Then there’s the mighty Aryth Ocean itself. But if it’s so wide, why did the Seanchan sail all the way across it? Why not sail west, go around the southern tip of Shara, and land at Mayene? Berelain would have welcomed them with open arms.

Now I suspect that this map was whipped together nearly a decade after Jordan dreamed up the Seanchan’s grand Return, and, to be honest, I actually question how accurate RJ would have considered this map to be. He was never completely satisfied with new visual content in this book, and there’s also the idea that he wanted the whole Guide to be treated as if it was written by somebody from Randland itself. Something that was subject to flaw or debate. What do you think? Feel free to discuss in the comments section.

One last note on the WoT maps: We’ve seen home-brewed versions of Mitchell’s maps created by fans for various role playing games, MUD’s, and other reasons. Most recently, the exciting new WoT fan site, the Thirteenth Depository, has been publishing some stunning original maps such as this one of the city of Caemlyn:

What’s fascinating about this map is that it takes us beyond the street locations and highways, and tells a story. Specifically, it recounts the events surrounding the time of Elayne’s capture. That’s… stunning to me. I remember when Knife of Dreams was published, and some people griped that “nothing happened” in the book or “it was too boring.” To those people, I suggest you go re-read those chapters where Elayne is captured and subsequently rescued. Use this map to track your way through the events, and suddenly it becomes far, far more interesting. Check out the Thirteen Depository for other maps related to Andor and you’ll find a huge wealth of information all neatly collected and displayed in these maps.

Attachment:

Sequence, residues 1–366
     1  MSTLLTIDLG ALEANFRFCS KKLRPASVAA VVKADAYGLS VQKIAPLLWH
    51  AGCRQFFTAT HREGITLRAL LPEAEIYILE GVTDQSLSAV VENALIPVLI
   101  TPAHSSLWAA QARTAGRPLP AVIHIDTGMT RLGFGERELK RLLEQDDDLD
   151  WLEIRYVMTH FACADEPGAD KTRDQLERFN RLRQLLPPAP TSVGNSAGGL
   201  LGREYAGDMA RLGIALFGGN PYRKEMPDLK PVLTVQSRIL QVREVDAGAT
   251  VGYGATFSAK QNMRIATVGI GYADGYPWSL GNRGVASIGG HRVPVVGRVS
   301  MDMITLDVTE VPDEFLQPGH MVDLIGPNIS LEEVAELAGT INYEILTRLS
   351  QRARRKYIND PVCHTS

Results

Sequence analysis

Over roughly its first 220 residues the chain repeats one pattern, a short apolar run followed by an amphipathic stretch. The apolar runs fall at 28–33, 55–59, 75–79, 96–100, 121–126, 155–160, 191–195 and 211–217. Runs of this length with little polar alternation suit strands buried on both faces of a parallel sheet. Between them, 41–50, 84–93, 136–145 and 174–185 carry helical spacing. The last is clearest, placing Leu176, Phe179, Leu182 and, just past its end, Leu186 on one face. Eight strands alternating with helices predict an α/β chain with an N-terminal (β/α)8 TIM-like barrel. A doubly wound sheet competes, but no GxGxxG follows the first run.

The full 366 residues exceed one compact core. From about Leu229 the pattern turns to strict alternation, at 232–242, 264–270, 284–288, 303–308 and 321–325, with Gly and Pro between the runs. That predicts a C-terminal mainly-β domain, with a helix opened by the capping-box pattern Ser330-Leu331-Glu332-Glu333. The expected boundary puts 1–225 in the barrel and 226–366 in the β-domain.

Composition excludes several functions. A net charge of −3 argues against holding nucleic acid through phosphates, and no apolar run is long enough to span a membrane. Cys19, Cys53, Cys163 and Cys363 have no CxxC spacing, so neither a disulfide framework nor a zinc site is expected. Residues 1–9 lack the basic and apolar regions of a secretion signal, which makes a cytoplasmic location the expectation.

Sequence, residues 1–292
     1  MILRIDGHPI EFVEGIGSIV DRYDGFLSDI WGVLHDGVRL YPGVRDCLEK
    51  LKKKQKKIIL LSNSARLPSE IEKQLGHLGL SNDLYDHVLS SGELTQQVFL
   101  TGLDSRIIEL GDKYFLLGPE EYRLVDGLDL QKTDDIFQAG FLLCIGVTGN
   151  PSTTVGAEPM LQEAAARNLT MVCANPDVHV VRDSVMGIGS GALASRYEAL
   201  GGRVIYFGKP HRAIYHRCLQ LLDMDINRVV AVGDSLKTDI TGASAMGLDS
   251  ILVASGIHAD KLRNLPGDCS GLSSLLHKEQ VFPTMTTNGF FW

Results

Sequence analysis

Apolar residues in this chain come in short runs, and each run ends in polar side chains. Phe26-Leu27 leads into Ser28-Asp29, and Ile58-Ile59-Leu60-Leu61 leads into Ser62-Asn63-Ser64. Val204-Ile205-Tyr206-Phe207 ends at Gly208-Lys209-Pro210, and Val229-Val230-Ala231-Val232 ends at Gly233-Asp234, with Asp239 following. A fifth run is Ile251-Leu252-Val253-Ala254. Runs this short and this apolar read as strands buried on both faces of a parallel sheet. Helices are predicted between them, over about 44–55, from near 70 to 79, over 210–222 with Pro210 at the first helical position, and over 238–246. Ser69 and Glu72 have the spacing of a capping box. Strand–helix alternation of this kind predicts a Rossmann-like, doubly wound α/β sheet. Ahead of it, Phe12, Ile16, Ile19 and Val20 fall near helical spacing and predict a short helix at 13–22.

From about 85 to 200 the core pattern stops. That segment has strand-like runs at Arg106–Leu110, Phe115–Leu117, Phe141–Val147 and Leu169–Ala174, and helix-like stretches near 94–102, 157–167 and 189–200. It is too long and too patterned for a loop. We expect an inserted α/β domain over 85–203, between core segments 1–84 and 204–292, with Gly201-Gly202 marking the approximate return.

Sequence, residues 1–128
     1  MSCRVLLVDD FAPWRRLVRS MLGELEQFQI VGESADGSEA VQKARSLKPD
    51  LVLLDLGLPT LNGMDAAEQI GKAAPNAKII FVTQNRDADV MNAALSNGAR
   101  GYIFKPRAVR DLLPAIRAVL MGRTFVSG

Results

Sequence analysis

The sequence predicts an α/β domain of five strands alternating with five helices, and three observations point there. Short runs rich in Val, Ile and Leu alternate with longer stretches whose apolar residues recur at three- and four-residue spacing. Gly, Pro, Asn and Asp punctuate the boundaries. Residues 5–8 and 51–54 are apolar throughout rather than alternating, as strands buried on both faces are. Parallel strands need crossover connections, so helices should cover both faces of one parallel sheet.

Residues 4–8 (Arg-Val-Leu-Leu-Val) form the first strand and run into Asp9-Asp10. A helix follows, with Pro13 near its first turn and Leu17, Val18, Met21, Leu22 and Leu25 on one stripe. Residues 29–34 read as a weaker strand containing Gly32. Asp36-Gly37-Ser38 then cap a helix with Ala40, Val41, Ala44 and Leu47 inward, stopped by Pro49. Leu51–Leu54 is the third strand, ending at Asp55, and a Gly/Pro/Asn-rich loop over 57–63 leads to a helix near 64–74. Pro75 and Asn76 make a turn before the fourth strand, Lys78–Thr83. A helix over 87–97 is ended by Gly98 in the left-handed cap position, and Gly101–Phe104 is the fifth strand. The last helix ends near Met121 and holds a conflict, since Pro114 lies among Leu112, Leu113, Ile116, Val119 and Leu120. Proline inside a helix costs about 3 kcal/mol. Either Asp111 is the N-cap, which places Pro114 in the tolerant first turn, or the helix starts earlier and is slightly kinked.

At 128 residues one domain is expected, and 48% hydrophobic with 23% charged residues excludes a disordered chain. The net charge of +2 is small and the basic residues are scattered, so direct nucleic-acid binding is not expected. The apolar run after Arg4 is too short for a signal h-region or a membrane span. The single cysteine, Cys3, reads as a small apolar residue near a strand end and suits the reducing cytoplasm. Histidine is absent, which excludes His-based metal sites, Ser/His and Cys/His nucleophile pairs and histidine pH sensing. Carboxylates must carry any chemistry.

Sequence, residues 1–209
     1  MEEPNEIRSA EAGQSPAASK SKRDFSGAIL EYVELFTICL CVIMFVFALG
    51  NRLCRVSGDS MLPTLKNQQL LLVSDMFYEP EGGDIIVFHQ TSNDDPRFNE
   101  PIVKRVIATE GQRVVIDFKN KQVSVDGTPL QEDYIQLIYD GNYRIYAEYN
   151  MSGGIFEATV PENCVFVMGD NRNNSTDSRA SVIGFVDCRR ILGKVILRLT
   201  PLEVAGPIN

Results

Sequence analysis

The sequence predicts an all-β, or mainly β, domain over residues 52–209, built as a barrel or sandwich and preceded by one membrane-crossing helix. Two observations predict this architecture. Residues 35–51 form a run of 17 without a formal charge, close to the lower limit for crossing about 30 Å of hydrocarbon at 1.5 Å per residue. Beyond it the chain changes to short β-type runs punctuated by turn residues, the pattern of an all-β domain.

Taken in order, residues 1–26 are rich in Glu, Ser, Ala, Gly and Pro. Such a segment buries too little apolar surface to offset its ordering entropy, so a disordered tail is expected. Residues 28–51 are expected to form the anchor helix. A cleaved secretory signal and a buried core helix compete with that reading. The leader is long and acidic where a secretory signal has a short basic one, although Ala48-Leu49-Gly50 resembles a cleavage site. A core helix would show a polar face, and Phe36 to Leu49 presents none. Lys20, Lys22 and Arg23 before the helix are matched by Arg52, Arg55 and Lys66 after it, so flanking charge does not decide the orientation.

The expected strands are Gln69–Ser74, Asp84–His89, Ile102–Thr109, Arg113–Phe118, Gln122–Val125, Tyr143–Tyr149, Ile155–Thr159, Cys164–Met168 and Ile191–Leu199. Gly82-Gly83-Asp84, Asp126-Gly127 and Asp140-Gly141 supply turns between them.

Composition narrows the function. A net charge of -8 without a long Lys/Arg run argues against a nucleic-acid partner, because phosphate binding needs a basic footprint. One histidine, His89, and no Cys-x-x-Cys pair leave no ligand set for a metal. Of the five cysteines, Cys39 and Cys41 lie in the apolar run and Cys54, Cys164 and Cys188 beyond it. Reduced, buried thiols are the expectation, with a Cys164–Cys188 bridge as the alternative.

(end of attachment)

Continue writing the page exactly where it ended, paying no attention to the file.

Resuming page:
Well that just about wraps up our map series of articles, folks. For real this time. If you are interested is creating your own fantasy maps on the computer, there are a few options out there:

  • Campaign Cartographer: Hard-core map-making software with lots of different modules. Impressive stuff, but it can get pricey if you add a lot of those modules.
  • Fractal Mapper: Not as feature-rich as Campaign Cartographer, but still a pretty nice program. (I own this one, along with its fun sister application AstroSythesis for mapping galaxies and solar systems)

Of course, you don’t need any special software! If you have a computer, just use the basic paint applications that come with it (or a free graphics application such as GIMP). And then there’s always good ol’ pen and paper. Hey, if it was good enough for explorers hundreds and thousands of years ago, then it’s good enough for us today.

I hope these articles encouraged you to dust off some old novels in search of long-lost maps, or dig through your attic looking for those outdated computer game boxes containing maps. Thanks for following along on this journey.

May you always find water and shade.